People often say to me: “I couldn’t do your job.” It usually turns out that this is not as flattering as it sounds; they’re not referring to any high-order skills in child development or pedagogy, they mean they don’t have the patience to work with other people’s kids. Which I always find surprising, because that’s the best bit. Children are bright, sparky, funny, insightful, full of surprises and utterly rewarding. And, like grandparents, we also have the luxury of returning them at the end of the day.
But if you are of the view that being a teacher is beyond what could reasonably be expected of a rational adult, then the school residential trip would really not be for you. This is hard-core teaching; twenty-four hour, constant supervision of children who are at the very height of their capacity for excitement, anxiety and, in some cases, homesickness. Like all teaching it is exhausting and fulfilling in equal measure, only much, much more so. From the moment you board the coach (counting the children on and checking again once they are all sat down, seat belts on, anyone who might be travel sick near the front, bucket ready), you are hyper aware of every detail of their behaviour and the environments they are entering and the potential for triumph and disaster in every single minute of the day.
The level of excitement on that first day is beyond anything you ever see in school. For many of those children it will be the first night of their young lives away from home without at least one of their parents or grandparents and it shows in some of their eyes, but most (sorry to break this if you had formed a picture of them missing you), most are fixated on the night ahead; what was going to happen when the lights go out, and particularly the prospect of midnight feasts and other subterfuge. No matter how many times you tell them this is not going to happen, there will remain a belief in the possibility which will only be extinguished by the very presence of a teacher in the doorway imposing silence until everyone is asleep. From the teacher’s point of view this isn’t quite as miserable as it sounds, depending on whether you have somewhere comfortable to sit, (how often does any of us get the chance to just sit quietly?) but even this enforced period of reflection and meditation can wear a bit thin after half an hour or so. Once you are sure everyone is asleep, the next challenge is to get out of the room without waking them all up again. Most of these places tend to be large, ageing houses with creaking floorboards and doors and it’s hard to move without creating a noise of exactly the sort that might convince the little minds that they really are in an episode of Scooby Doo.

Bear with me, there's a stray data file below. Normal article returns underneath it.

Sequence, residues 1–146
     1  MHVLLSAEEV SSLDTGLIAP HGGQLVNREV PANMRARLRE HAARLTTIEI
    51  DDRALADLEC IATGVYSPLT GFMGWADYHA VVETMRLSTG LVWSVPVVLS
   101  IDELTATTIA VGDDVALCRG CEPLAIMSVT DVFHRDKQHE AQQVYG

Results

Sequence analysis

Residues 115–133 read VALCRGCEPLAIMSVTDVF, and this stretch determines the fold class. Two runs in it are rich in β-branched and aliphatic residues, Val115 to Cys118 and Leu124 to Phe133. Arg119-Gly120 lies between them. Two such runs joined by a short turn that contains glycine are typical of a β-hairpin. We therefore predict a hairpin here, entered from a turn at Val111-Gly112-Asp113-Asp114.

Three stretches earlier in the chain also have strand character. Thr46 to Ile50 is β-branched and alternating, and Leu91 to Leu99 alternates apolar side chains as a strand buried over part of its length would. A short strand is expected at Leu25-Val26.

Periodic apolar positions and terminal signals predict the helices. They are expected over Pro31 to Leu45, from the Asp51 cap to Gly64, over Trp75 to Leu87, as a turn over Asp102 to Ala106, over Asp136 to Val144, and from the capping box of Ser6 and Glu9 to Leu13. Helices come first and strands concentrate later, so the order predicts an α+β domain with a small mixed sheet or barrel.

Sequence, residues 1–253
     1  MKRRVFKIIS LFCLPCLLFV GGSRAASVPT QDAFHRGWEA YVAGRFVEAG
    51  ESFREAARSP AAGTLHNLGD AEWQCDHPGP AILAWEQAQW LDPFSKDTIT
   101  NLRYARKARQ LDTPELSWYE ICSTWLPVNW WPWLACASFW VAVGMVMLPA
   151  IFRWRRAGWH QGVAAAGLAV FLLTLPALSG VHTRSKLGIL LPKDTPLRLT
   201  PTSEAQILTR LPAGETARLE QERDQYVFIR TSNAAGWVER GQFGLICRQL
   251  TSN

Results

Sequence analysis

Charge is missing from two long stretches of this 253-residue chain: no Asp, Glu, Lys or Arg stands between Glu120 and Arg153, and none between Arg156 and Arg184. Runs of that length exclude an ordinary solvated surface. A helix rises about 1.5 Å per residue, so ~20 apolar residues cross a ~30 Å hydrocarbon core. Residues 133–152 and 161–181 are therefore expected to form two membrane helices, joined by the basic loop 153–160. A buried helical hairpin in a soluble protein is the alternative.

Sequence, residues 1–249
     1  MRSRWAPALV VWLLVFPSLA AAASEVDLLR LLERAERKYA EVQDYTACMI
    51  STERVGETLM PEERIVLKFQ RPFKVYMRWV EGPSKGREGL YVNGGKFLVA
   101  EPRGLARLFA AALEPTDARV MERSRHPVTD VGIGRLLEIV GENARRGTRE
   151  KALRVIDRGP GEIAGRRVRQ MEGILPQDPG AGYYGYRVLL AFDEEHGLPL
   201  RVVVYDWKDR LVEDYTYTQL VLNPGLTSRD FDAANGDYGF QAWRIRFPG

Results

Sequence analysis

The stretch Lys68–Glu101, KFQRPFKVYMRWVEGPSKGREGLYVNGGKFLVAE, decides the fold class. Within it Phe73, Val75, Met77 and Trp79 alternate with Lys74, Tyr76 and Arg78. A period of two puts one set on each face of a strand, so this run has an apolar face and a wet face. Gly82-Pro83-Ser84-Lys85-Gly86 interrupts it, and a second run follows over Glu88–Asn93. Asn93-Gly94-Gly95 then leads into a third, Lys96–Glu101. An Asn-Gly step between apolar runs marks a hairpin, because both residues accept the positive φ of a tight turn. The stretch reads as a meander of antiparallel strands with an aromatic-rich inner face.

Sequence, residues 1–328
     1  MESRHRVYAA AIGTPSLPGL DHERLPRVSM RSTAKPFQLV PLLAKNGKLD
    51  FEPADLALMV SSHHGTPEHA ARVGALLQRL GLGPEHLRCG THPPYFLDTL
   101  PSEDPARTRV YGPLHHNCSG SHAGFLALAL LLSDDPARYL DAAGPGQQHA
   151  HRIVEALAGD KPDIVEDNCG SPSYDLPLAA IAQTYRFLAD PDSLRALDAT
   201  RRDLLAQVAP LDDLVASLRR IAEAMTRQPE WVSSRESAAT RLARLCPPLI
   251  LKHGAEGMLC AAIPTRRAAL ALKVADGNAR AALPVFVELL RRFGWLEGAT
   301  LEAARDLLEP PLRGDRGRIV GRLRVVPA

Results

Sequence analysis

One of the earliest instructions the children will have been given is what time they are allowed to get up. No one out of their room before 7.30; if you wake up before that, lie quietly so others can continue sleeping. Needless to say this does not always happen; and you often hear the first footsteps in the rooms and along the corridors by 6am. The sense of despair which settles over you when this happens, when you realise that there is absolutely no prospect of you going back to sleep yourself, is almost enough to make you agree with the contention at the top of the page. But reality soon sets in and the very different character of the second day quickly emerges. Gone is the slightly frenzied air of day one to be replaced by heavy eyelids and a subdued mood which quietens even further as the day goes on. It is not unusual for children to nod off on day two; at a previous school I found a lad fast asleep on a kitchen chair in the Reedcutter’s Cottage at How Hill; and by the time the second bedtime comes around, few put up much resistance. And they all get what they need most; a good night’s sleep.
So by the time we board the coach for the trip back home, everyone is happy again and the many benefits of these trips become apparent. The children will all have learned a huge amount, be it science or geography, or how to cook and clean, or how it feels to tackle a climbing wall or a zip wire. And they will have developed new bonds, with their classmates and with their teachers, and developed their self-confidence, their independence and their maturity. The effects will last throughout their time at the school together; and that is why it is a privilege for us to take these trips.
For the teachers they can be hard; many of us have children of our own at home and, as well as missing our families, we burden our spouses or partners with all the childcare for a couple of days while we are away. And as the years roll on it becomes harder to cope on a few hours’ sleep and takes a few more days to recover. But with the benefit of a weekend to catch up (and usually takes all of that) we are usually just about ready to say that we’ll be ready to do it all again next year.